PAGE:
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  6. I’ve personally never made pasta from scratch, but Kali’s family has a few times and they’ve told me it’s a lot of fun (if time consuming). Good luck – can’t wait to hear how it goes! 🙂

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  7. Another food I discovered when moving to the south of Germany when I studied there 🙂 Kaesspaetzle are delicious! Especially with the browned onions on top. I’ve never attempted homemade pasta, but my grandma made it look easy when she squeezed the dough right in the boiling water with a little spaetzle press.

    PS: I’m not a big fan of the American Mac’n Cheese. The cheese sauce is usually frighteningly orange and reminds me of the fake cheese stuff they put on Cheetos and the like. I do love the more artisan version that are often served at restaurants with real cheese though.

    Reply
    • Your use of the word “artisan” reminded me of this hilarious blog: https://thatisnotartisan.blogspot.com/ 😀
      I think you have to grow up with the boxed mac & cheese to like it! I love Annie’s brand (which is more “natural” if you can ever call powdered cheese natural…but anyway it’s not orange). The longer I live in Germany, though, the lower my tolerance for processed food. Nowadays I crave “real” mac and cheese just as often as the boxed kind, if not more. That never happened in the US!

      Reply
      • Ouch! 🙂 Maybe I mean “homemade” and not “artisan”? Either way, that’s were I pull my foreigner card 🙂

        It’s so true about having to grow up with some things to appreciate them properly, especially the processed stuff. I can’t name something off the top of my head, but I’m sure there are tons of processed things I like because they were comfort food when growing up in Germany.

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  8. Laurel, my own food post goes out in a couple of days, and you can be sure that I’ve linked back to your post here! I had Jägerbraten in Garmisch-Partenkirchen, which of course had a side of the humble Spätzle …

    That picture above looks too delicious. I reached out to the computer screen, and uttered the word: “nom.” Of course, there was nothing to be had : too bad, so sad. 🙂

    Thanks for the Spätzle!

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  9. I definitely prefer “German Mac and Cheese” to the “little sparrow” translation. This is exactly the kind of dish that can get my mouth watering. I’ll have to try in in Germany next time (crossing fingers that it might be very soon).

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  11. Looks good! I’d have that over the meat you showed last time 😆

    I don’t think I ever had Canadian mac’n’cheese… The French equivalent would be “nouilles jambon beurre”, small pasta with butter and chopped ham, I guess.

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  12. Oh by the way, I wanted to ask… do the food posts have to be on Friday? I started a food series but I publish it on Saturday! Can I still join?

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  13. @Christy – Glad to hear it’s fun, it’s the time consuming bit that has me worried.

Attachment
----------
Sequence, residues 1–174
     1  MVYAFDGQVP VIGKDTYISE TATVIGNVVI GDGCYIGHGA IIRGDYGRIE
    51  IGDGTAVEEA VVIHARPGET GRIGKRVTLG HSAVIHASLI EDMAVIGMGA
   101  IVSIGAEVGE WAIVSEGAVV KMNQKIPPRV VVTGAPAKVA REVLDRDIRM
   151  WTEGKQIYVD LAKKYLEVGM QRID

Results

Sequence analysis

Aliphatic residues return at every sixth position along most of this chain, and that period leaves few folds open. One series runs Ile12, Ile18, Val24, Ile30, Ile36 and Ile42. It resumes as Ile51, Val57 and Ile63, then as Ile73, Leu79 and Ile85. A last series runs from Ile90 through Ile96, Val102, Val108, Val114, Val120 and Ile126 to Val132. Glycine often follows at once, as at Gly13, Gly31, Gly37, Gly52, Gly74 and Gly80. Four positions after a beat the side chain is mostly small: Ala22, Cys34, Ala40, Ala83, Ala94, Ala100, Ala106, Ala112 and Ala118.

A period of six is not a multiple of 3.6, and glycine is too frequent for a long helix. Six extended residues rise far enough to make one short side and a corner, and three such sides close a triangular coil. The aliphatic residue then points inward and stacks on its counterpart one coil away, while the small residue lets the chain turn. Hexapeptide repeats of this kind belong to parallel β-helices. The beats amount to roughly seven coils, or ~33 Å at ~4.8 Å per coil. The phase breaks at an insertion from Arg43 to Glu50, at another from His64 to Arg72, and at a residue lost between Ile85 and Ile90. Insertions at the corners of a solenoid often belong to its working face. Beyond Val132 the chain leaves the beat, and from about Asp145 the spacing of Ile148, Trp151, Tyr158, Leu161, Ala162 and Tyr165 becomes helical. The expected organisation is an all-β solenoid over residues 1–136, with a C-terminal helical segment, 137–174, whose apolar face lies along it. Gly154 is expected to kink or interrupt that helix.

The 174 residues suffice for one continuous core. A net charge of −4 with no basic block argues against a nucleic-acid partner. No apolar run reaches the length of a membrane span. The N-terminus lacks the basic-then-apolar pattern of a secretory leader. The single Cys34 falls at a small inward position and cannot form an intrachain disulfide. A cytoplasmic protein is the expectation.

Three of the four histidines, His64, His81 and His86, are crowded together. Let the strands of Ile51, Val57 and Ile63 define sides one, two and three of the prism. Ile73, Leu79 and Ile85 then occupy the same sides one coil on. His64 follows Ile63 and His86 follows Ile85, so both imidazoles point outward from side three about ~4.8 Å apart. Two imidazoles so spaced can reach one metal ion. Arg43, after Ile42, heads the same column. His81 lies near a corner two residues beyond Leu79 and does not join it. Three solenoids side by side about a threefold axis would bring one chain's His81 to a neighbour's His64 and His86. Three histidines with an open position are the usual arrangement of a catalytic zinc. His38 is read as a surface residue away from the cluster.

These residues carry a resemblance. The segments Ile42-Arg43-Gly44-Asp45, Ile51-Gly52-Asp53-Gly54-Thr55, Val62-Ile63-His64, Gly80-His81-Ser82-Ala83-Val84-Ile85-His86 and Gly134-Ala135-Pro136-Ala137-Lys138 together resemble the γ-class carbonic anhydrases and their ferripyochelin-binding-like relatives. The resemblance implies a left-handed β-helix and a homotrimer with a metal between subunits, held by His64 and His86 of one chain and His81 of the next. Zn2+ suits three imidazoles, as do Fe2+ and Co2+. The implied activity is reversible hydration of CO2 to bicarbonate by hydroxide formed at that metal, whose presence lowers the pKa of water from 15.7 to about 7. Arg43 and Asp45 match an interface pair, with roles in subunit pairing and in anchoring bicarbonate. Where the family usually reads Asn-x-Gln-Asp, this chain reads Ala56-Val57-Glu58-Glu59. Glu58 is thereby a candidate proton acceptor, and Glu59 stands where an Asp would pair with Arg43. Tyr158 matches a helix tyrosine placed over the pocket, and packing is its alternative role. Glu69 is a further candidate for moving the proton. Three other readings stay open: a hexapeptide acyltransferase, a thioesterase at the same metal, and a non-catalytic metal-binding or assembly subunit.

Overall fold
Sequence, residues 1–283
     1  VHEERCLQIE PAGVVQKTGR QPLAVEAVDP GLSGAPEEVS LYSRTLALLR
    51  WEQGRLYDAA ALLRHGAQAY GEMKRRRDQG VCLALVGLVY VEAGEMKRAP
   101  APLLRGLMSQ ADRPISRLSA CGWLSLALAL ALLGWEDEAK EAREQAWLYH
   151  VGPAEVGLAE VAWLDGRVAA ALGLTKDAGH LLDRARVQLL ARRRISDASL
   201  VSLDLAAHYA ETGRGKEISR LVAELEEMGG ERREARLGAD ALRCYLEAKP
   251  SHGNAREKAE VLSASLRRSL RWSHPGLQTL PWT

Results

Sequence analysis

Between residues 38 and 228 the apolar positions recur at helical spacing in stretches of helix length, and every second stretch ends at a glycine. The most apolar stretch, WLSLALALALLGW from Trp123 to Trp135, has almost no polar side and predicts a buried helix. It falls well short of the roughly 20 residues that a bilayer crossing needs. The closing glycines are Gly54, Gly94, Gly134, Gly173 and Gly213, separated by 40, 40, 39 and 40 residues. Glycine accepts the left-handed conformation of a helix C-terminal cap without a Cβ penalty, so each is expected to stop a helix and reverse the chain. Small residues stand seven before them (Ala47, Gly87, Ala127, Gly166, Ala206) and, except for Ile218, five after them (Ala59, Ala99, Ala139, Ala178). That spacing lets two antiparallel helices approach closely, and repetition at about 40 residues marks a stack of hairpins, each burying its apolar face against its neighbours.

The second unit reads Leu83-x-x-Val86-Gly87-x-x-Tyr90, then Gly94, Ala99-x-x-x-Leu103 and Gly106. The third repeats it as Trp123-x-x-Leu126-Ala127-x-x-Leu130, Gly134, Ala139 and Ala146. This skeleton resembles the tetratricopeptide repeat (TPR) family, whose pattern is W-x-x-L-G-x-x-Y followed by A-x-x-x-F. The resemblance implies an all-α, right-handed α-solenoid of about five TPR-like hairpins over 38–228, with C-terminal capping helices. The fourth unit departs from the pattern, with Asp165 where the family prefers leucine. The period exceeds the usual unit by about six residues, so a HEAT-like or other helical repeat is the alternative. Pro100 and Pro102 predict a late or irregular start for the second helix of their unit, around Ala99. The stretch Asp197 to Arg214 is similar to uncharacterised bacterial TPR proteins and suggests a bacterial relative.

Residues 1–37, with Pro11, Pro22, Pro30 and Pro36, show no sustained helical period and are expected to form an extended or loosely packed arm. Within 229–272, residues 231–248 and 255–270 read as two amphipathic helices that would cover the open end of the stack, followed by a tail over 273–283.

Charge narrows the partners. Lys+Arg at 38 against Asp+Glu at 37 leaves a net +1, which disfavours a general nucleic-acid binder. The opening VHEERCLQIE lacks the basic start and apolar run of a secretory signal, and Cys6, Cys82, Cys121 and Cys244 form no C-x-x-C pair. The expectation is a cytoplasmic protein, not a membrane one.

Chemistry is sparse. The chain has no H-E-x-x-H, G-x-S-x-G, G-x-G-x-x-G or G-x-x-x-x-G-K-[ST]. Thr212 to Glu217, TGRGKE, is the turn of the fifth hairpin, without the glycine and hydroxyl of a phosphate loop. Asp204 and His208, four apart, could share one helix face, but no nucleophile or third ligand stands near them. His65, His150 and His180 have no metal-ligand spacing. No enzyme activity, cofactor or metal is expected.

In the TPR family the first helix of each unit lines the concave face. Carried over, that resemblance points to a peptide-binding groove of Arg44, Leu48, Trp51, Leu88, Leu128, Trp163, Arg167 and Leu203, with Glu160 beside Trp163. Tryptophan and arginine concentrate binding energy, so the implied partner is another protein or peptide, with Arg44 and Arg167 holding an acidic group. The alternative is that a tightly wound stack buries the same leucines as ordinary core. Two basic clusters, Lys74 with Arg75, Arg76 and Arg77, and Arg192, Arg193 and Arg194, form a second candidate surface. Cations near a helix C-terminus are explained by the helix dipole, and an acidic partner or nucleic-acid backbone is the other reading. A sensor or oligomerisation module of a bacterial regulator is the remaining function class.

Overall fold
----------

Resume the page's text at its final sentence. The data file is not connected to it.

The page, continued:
@Sabrina – Glad to hear that it looks easy to make. I’m not a fan of the processed mac ‘n cheese, either, but my grandma used to make one from scratch using real cheese which was delicious.

    @Andrew – “Charm” and “powder cheese” in the same sentence? You really are American 🙂

    @CN Heidelberg – Thanks for sharing the link. I find my tolerance for processed food has gone down too since living in Germany and it’s hard to beat the real stuff – except for when I’m sick, then I always crave Hamburger helper for some strange reason.

    @fotoeins – Great, glad you participated in FoodFriday. Sorry I could only deliver a photo and not the real thing 🙂

    @Cathy – Are you coming back? Would love to meet up with you if you are and trying spaetzle is a must when you’re in southern Germany.

    @Sue – Now the challenge is really on, but I’m feeling up for it, now I just have to find the time.

    @Jenna – My thoughts exactly!

    @Zhu – Haha, me too, any day! I haven’t tried it with chopped hand, but that would be good too! Yes, please join, it’s no problem if your posts are published on Saturday.

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  14. Oh that looks amazing! Perfect for a cold night, I’m going to have to try that. I’ve made pasta before (thanks to a recipe from Jamie Oliver) and it turned out really well!

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  15. @Sabrina – Thanks for sharing. I just my Spaetzlehobel today too! Now I just have to find the time to try it out. I’m looking forward to swapping spaetzle making stories 🙂

    @Kikicat – Spaetzle is worth coming back to Germany for in itself.

    @Claire – Glad to hear it, the idea of making pasta from scratch terrifies me.

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  16. Laurel, This is my favorite German dish and it is super easy to make.I have made it many times, though it never tastes quite as good as when I had it in Germany, sigh…..gotta go back 🙂

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  17. I was googling gluten free Käse spatzle and found your blog 🙂 Awesome!
    Any idea if it can be found somewhere on shops or restaurants here in Munich? I’m craving it! :p

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    • @Nicole – Cool :). I haven’t found it anywhere, but I have found gluten-free schnitzel at a restaurant in Trudering (a district in the east of Munich). If you want the name let me know.

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  18. The fact that you even compare Leberkase to Spam shows that you have a lot to learn about german food. And the crack about the koolaid is rather rude too.

    Reply